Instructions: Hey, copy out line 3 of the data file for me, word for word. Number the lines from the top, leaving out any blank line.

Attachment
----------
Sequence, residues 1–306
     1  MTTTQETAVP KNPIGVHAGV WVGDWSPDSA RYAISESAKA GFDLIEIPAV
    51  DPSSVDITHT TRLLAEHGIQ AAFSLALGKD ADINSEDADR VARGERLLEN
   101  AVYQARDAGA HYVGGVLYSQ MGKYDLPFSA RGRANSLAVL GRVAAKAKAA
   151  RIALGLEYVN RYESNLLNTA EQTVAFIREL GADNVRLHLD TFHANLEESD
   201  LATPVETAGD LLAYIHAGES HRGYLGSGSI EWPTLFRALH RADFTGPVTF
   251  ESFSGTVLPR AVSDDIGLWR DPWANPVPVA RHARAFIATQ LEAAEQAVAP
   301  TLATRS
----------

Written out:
    51  DPSSVDITHT TRLLAEHGIQ AAFSLALGKD ADINSEDADR VARGERLLEN